Great expectations: Stepping into the shoes of a group of 4-year-old readers, their parents, teachers and peers.

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Authors
Margrain, V. G.
Keywords
Precocious readers
Expectations of young children
Young children
Description of form
Publisher
Rights
TBA
Rights holder
Issue Date
2007
Peer-reviewed status
Type
Working Papers
Language
Abstract
Case studies of 11 4-year-old precocious readers highlighted that parents, teachers, the children's peers, and the children themselves have differing expectations of children, and of education in the early years. In this doctoral study, parents tried to balance children's social and emotional well-being with the need for their children to be challenged. Although the parents did not focus on academic factors exclusively, they were the key advocates for academic challenge and extension. The children themselves had a yearning to learn, were self-reflective and also enjoyed competition. They demonstrated literacy abilities many years in advance of their chronological age that had been acquired without having been formally taught. The children's teachers and peers, however, dissuaded competition and instead strongly encouraged the children to conform to expectations association with being 'normal', and 'acting like 4-year-olds'. The findings of this study show the impact of diverse perspectives, values and expectations on children, and how the children mediate expectations of them. Theoretical perspectives for this study include social constructivism, cognitive constructivism and the bioecological perspective. For precocious readers, no single theoretical perspective explained the children's learning. Expectations of young children in schools and early childhood settings reflect social constructivist beliefs of their teachers and peers. However, the abilities of precocious readers clearly demonstrated individual cognitive construction. In supporting their children, the parents modelled flexible approaches that could be linked to multiple perspectives. Approaches that were the most supportive for the children were those that recognised multiple influences and responded to the children's individuality.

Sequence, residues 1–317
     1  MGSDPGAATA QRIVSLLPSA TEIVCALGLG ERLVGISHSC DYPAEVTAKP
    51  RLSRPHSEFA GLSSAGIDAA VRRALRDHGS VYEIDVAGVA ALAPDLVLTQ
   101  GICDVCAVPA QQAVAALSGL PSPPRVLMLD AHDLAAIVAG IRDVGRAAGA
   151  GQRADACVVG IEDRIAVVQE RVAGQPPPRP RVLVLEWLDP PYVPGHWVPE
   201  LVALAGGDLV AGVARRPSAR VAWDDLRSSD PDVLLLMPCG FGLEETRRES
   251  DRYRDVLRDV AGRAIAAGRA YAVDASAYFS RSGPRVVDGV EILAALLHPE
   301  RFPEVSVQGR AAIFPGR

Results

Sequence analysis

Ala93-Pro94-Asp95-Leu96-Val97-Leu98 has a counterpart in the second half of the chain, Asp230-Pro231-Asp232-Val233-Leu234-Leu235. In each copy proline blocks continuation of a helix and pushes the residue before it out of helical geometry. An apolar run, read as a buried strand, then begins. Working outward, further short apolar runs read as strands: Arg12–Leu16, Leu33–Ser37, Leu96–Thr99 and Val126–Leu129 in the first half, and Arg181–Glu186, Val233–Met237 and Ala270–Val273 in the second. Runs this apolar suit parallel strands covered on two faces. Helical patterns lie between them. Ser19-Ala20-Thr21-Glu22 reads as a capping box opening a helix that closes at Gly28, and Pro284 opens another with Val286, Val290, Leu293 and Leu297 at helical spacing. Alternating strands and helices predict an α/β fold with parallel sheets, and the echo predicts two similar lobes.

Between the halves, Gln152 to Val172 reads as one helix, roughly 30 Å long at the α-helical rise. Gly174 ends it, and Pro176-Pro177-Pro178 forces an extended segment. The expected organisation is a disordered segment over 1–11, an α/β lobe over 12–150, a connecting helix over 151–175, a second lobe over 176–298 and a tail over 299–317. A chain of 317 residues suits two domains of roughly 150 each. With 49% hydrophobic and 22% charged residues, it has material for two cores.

Citation
Margrain, V. G. (2007). Great expectations: Stepping into the shoes of a group of 4-year-old readers, their parents, teachers and peers (Working Papers No. 3-07). Lower Hutt, New Zealand: The Open Polytechnic of New Zealand.
DOI